An analogy I came up with today was with road traffic fatalities (which by the way are about as common as suicides). We can be very clear about a bunch of very important risk factors for dying on the roads: driving excessively fast/recklessly, driving while intoxicated, previous crashes (I would imagine), young age/provisional license, male … and so on. However, most people with those risk factors don’t die on the roads. Most young men who drive fast don’t die on the roads – even the intoxicated ones, though they’re much more likely to do so. The thing is, we absolutely can identify an elevated risk, but we absolutely cannot identify who of a group of people is going to be the one or ones to die on the road. Think about Isaac Asimov’s “Foundation” series: the “psychohistorian” Hari Seldon made some major predictions about what would happen to the Foundation(s) he set up – and these were very accurate … except as applied to individuals. Groups can be studied, modelled and predicted about; individuals not so much. Same with road fatalities, and same with suicide: we know the factors that are associated with increased risk. We know that more of them being present suggests a higher risk, but we just cannot say with any useful degree of surety that Joe Bloggs will suicide and John Smith won’t.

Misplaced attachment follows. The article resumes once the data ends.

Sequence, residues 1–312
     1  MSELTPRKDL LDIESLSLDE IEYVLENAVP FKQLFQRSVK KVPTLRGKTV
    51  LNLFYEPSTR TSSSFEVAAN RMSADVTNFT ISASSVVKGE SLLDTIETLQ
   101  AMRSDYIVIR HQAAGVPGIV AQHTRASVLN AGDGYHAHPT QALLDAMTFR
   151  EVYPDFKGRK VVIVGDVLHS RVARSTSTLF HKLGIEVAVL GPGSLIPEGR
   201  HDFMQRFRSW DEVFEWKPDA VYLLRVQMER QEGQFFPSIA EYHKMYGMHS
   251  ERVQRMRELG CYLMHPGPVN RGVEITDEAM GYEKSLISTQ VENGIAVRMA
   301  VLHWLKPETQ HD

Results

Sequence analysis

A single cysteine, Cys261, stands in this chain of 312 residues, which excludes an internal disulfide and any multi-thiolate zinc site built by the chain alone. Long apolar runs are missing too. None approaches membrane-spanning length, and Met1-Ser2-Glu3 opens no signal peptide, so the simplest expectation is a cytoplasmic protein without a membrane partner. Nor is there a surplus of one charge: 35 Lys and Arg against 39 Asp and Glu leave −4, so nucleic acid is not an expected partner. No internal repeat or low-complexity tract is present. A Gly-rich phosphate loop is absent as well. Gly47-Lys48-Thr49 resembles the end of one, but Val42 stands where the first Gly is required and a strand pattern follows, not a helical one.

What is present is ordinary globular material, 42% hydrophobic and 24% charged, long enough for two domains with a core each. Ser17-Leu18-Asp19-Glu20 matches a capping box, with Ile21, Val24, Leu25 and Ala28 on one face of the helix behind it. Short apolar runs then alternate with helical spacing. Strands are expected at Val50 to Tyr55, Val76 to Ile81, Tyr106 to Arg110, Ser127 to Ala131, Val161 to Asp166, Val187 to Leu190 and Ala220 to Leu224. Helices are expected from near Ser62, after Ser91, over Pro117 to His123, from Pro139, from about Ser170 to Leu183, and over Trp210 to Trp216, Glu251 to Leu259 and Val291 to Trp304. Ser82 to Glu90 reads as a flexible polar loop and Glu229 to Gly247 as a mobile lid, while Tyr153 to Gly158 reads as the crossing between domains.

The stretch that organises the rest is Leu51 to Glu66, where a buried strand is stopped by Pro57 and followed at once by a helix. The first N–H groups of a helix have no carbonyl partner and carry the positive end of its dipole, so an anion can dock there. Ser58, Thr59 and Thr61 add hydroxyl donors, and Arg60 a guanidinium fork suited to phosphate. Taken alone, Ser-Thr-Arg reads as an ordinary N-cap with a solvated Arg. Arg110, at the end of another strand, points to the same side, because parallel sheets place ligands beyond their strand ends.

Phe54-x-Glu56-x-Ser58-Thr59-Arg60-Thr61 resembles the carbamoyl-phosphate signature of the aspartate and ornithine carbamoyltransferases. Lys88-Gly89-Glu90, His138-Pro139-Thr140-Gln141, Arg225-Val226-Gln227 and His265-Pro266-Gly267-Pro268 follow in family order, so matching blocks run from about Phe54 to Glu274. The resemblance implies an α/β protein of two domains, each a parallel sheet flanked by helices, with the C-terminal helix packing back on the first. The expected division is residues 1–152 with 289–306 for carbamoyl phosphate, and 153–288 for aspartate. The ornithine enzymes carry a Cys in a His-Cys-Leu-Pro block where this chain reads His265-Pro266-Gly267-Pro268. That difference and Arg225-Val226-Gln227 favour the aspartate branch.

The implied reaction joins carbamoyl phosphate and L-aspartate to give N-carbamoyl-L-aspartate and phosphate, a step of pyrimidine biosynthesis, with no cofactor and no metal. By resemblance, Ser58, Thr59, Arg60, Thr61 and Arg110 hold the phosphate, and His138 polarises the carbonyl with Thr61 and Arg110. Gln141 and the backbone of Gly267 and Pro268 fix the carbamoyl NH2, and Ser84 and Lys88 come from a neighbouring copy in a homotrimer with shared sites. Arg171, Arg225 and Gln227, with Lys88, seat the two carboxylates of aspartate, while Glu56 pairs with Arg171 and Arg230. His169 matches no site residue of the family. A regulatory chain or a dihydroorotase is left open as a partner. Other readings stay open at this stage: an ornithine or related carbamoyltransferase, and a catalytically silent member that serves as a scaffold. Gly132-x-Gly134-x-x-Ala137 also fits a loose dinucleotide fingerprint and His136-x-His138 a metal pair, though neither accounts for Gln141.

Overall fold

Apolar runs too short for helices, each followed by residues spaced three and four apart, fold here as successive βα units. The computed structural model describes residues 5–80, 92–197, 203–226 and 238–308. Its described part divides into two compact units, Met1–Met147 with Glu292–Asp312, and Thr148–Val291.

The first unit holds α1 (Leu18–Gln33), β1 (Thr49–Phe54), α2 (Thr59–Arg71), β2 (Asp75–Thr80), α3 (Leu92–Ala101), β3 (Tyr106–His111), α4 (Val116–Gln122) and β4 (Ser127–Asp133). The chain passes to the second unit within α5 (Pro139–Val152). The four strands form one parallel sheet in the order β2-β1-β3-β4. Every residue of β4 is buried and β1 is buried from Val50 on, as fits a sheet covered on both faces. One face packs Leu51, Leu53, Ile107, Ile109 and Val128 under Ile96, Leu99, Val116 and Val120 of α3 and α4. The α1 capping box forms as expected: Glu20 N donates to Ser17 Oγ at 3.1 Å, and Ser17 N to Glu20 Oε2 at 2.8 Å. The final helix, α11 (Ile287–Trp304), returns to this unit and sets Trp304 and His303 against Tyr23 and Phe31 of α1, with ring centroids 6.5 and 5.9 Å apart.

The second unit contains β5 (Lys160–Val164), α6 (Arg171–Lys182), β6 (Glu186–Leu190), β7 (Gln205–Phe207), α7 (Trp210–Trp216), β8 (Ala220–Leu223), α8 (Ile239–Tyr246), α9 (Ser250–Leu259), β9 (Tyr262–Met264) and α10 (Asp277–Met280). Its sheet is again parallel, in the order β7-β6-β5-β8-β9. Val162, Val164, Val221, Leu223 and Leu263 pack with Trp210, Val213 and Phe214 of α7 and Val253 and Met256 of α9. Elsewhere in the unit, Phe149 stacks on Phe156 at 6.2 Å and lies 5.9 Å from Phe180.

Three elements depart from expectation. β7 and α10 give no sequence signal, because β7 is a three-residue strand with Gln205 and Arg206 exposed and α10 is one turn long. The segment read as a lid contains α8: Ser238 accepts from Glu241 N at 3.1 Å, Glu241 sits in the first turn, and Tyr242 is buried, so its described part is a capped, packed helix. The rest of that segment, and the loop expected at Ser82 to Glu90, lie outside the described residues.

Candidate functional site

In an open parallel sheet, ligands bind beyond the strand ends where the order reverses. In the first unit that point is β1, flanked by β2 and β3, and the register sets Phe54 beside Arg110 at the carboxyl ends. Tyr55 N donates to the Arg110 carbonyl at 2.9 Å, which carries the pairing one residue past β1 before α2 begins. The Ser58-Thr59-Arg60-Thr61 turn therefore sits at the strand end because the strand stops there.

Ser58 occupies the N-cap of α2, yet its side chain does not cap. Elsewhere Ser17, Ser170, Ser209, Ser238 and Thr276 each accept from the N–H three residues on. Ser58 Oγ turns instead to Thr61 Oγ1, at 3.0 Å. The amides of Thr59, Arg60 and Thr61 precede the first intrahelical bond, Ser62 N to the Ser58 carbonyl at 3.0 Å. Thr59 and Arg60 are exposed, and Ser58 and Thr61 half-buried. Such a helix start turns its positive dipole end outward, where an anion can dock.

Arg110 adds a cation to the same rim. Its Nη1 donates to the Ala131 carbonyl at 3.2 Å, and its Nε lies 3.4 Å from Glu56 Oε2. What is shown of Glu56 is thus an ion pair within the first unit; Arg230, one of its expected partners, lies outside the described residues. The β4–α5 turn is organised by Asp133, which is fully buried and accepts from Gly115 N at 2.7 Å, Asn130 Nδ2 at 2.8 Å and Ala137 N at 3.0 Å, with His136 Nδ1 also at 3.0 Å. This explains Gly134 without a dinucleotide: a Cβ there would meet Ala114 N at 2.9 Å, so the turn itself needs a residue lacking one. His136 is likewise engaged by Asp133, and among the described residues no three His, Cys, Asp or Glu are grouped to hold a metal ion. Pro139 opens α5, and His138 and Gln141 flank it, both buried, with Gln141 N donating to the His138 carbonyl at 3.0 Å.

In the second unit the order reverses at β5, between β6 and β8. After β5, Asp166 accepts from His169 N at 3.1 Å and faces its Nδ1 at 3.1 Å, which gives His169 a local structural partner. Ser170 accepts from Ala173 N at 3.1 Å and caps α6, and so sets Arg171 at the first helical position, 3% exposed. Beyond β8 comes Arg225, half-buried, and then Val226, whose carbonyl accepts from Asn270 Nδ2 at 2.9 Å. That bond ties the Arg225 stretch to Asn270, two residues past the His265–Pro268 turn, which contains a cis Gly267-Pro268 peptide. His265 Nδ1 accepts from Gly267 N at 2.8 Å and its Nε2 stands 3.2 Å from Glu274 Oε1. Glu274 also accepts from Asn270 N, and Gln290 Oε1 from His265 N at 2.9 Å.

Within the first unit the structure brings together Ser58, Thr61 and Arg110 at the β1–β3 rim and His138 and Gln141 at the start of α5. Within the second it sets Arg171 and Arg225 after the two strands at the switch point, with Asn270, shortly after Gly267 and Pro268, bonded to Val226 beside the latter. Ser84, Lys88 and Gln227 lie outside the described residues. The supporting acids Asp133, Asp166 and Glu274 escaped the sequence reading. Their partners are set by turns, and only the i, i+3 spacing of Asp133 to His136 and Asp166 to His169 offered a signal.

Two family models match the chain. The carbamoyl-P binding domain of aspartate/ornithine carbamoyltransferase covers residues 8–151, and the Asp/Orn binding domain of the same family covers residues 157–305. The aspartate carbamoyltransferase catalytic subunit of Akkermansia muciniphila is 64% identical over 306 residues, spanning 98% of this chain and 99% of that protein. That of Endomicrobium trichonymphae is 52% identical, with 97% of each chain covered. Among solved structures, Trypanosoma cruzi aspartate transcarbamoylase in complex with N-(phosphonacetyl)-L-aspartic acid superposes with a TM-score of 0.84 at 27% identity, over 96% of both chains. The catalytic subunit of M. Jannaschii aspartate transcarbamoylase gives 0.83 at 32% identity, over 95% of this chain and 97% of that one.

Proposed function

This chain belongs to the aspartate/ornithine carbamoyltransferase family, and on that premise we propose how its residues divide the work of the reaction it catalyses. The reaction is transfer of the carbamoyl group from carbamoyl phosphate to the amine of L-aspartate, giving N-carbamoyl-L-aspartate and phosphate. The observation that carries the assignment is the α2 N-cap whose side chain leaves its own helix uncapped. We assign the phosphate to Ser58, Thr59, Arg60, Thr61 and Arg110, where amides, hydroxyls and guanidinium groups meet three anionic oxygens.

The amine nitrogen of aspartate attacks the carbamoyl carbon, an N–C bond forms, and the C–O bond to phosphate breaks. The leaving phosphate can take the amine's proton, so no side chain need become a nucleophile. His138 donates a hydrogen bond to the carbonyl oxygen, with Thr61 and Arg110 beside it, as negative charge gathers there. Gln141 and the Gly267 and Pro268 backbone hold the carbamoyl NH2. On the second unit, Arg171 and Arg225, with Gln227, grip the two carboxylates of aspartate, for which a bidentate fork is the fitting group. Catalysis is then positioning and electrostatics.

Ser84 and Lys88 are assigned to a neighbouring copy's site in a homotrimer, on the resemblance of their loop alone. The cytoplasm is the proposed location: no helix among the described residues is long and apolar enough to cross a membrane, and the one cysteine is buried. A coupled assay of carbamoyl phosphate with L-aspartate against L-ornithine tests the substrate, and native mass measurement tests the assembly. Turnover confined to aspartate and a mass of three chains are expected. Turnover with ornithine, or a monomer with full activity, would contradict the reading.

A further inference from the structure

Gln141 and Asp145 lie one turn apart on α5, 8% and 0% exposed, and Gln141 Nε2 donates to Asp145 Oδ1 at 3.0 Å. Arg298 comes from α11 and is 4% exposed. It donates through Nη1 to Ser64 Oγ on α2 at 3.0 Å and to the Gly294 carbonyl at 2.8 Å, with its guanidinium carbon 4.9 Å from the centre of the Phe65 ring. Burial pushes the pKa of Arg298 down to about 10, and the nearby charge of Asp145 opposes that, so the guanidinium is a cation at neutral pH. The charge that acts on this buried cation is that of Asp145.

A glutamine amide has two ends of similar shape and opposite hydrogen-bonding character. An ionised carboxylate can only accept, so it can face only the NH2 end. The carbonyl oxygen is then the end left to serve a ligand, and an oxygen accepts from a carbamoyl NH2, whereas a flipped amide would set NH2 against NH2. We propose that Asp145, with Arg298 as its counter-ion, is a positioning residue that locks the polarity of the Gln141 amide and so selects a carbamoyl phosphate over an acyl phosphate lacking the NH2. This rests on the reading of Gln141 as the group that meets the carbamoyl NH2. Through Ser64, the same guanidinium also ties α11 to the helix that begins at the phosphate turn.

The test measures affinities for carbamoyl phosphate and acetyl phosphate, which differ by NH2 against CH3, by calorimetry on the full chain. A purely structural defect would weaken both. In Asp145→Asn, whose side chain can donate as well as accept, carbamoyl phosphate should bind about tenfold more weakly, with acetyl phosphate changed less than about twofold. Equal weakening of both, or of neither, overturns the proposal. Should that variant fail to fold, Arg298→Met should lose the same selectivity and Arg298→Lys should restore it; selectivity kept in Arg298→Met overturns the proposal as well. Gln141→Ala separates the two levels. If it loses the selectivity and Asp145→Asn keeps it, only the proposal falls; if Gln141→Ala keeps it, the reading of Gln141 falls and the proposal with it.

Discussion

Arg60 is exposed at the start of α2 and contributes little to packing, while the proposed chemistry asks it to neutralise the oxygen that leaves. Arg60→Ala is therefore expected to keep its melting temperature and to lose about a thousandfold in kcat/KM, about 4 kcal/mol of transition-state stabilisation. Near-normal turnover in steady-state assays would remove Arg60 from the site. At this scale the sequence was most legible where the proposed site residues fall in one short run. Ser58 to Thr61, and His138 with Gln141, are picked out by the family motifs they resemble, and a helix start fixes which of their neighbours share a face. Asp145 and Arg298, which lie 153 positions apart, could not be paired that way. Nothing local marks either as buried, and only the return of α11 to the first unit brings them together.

So what can/should we do? I would suggest we should recognise and accept that not all suicide and self-harming behaviour is the business of psychiatry, and not all of it (even that that is our business) is always preventable. Our business is certainly to make sure we identify those that are our business (i.e. those with psychiatric illness – about whom we can actually do something), and then to do what we can to treat that illness, thereby decreasing the risk they will carry out their ideas of suicide. Basically I’m advocating a shift towards risk management, rather than a reified Risk Assessment. However, politicians are anxious; they like order, and forms, and numbers. It makes them look like they are doing something. – And that’s all well and good and lovely … except that it’s not a particularly helpful way to address the problem.
As I said in a meeting today, while we can’t do less than the Government mandates (we can’t simply refuse to fill out their forms, and train our staff in their model of “Risk Assessment”) we can do more, and educate our staff in comprehensive assessment, and risk formulation and management. We’re still expected to prevent the sometimes unpreventable, but I don’t see a clear or easy way out of that.
Finally – please, please remember, next time you see some melodramatic newspaper or television headline screaming that the “mental health system failed” some poor person who suicided (or killed someone else: a much rare event, and one even more emotionally charged for everyone – but one to which everything I’ve written above applies in the same way): that all the facts are not given to you; that it is very hard to predict the actions of an individual (despite identifying all the correct risk factors); that it might not have been a psychiatric problem at base anyway; and assuming it was, the men and women involved in the person’s treatment would have done their level best to help the person, and manage the risk.